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JAL share slump continues; Air China and China Southern witness strong growth in Dec-2009

14-Jan-2010

Shares in JAL slumped a further 81% to a record low of just JPY7 (USD 8.00 cents) yesterday, amid rising expectations the carrier will file for bankruptcy protection as soon as next week and be removed from the stock exchange.

Investors dumped shares in the airline with the stock plunging JPY30 (the maximum one-day decline allowed for the second consecutive day), from Tuesday's finish of JPY37.

Asia Pacific selected airlines daily share price movements (% change): 13-Jan-2010

Further reductions are likely, with Mizuho Investors Securities Co Ltd observing "investors are rushing to unload JAL shares before they become worthless. The reports that JAL could be delisted sparked massive selling”. SMBC Friend Securities added, "the selling is unstoppable. The market is driving the company to go under”.

Almost 823 million shares changed hands yesterday, representing 30% of total volume of 3.1 billion shares on the Tokyo Stock Exchange's first section. JAL has lost approximately USD2.5 billion of market value since 05-Jan-2009, and approximately USD1.8 billion in the past two days alone, with the airline's market value now stands at just USD210 million.

See related article: Japan Airlines sitting on a wonderful opportunity. So is Cathay. It’s not one world any more

Downgraded by S&Ps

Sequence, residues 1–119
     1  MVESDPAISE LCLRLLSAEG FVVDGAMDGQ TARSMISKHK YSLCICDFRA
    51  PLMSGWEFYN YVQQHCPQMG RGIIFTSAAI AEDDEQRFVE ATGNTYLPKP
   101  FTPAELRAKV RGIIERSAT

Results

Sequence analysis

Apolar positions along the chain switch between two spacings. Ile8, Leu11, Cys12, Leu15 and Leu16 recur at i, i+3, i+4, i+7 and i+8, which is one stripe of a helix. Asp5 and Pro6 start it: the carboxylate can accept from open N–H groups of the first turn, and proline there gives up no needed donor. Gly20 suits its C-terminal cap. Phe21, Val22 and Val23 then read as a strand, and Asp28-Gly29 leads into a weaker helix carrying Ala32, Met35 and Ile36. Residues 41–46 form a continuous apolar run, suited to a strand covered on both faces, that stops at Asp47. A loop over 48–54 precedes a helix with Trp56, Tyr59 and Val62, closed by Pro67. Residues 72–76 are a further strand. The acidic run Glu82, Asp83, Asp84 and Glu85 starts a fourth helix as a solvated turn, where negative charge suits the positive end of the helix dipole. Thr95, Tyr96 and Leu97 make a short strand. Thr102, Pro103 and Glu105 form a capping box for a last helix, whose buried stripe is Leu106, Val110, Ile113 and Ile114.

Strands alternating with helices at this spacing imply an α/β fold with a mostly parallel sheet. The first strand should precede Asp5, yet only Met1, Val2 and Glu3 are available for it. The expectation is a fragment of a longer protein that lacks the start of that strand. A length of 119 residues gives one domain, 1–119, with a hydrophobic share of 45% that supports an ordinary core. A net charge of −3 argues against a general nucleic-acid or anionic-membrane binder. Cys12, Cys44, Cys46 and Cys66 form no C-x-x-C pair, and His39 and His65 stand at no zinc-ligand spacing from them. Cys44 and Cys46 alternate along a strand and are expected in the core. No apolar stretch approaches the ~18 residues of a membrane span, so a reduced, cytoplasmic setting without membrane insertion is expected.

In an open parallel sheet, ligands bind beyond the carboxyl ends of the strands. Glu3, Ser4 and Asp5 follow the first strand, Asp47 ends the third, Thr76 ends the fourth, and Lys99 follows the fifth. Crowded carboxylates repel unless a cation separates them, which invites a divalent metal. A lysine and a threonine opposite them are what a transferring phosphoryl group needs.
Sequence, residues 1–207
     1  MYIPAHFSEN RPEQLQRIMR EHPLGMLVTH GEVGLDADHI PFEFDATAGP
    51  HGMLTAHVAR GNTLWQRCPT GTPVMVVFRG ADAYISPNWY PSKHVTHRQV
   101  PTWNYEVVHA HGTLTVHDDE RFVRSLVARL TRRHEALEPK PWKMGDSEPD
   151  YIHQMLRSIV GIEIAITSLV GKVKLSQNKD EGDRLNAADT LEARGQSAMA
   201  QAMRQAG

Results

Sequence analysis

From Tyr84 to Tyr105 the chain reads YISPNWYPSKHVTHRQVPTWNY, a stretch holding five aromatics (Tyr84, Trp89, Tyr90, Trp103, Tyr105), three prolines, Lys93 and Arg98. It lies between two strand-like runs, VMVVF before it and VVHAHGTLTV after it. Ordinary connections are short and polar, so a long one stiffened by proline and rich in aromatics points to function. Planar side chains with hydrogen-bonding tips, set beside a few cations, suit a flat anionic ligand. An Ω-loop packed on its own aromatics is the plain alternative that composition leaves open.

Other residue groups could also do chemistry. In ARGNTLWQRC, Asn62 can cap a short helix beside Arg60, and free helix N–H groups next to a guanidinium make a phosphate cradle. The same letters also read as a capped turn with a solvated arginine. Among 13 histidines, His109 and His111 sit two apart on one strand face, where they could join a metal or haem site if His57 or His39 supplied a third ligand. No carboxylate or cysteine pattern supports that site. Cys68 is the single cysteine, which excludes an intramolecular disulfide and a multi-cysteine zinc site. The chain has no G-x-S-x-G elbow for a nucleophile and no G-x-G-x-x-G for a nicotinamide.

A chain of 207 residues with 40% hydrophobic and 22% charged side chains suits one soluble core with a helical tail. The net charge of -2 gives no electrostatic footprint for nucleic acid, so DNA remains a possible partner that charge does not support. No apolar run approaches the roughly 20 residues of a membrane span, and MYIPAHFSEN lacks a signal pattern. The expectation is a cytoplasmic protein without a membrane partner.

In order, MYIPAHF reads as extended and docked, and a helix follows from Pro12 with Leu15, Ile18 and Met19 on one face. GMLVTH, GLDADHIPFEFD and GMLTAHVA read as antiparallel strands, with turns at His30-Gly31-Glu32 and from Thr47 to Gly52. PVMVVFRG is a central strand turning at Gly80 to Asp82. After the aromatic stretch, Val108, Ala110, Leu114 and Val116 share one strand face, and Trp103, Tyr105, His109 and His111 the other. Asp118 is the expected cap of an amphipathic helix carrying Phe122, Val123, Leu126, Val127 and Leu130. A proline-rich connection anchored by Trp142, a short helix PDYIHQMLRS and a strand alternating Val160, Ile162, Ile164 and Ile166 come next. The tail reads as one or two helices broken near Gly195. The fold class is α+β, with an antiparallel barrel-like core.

Standard & Poor's Ratings Services lowered its long-term senior unsecured debt ratings on Japan Airlines Corp and its wholly owned subsidiary, Japan Airlines International, even further into junk territory, from ''CCC” to ''CC'', due to the increased likelihood that JAL's restructuring will be implemented through formal proceedings. The rating means that bonds issued by JAL and JAIC are highly vulnerable and very speculative.

S&P's added it may lower the long-term senior unsecured rating on the two airlines to ''D'' for default and the long-term corporate credit ratings on them from ''SD'' to ''D'' for selective default if JAL files for bankruptcy protection. In addition, S&P has placed the debt ratings on JAL and JAIC on CreditWatch with negative implications. Meanwhile,

Moody's Investors Service downgraded the long-term debt rating and issuer rating on JAIC from ''Caa1,' to ''Ca'', judging that the subsidiary's obligations are highly speculative.  

Air China and China Southern witness double-digit passenger and cargo growth in Dec-2009

In 2009 traffic news, Air China reported double-digit passenger and cargo volume growth in Dec-2009, with passenger numbers up 14.1% to 3.2 million, and cargo volume soaring 37.2% to 93,239 tonnes. Passenger load factors also improved in the month, up 2.4 ppts to 75.9%. Air China handled 39.8 million passengers in the full year, a 16.3% year-on-year increase, with an average passenger load factor of 76.8%.

China Southern Airlines witnessed a similar growth trend in Dec-2009, with passenger numbers rising 18.0% to 5.5 million, and cargo volumes gaining 37.8% in the month, to 89,910 tonnes. Passenger load factors were up by 2.1 ppts to 74.1%. In the full year, the carrier handled 66.3 million passengers, for a 13.8% year-on-year increase, with an average passenger load factor of 75.3%.

Cathay expects “slow and gentle” recovery

Cathay Pacific CEO, Tony Tyler, stated he expects recovery to be “slow and gentle at best”, adding that 2010 will likely “not be an easy ride”.  However, in the short term, the carrier is expecting healthy traffic during the Chinese Lunar New Year period.


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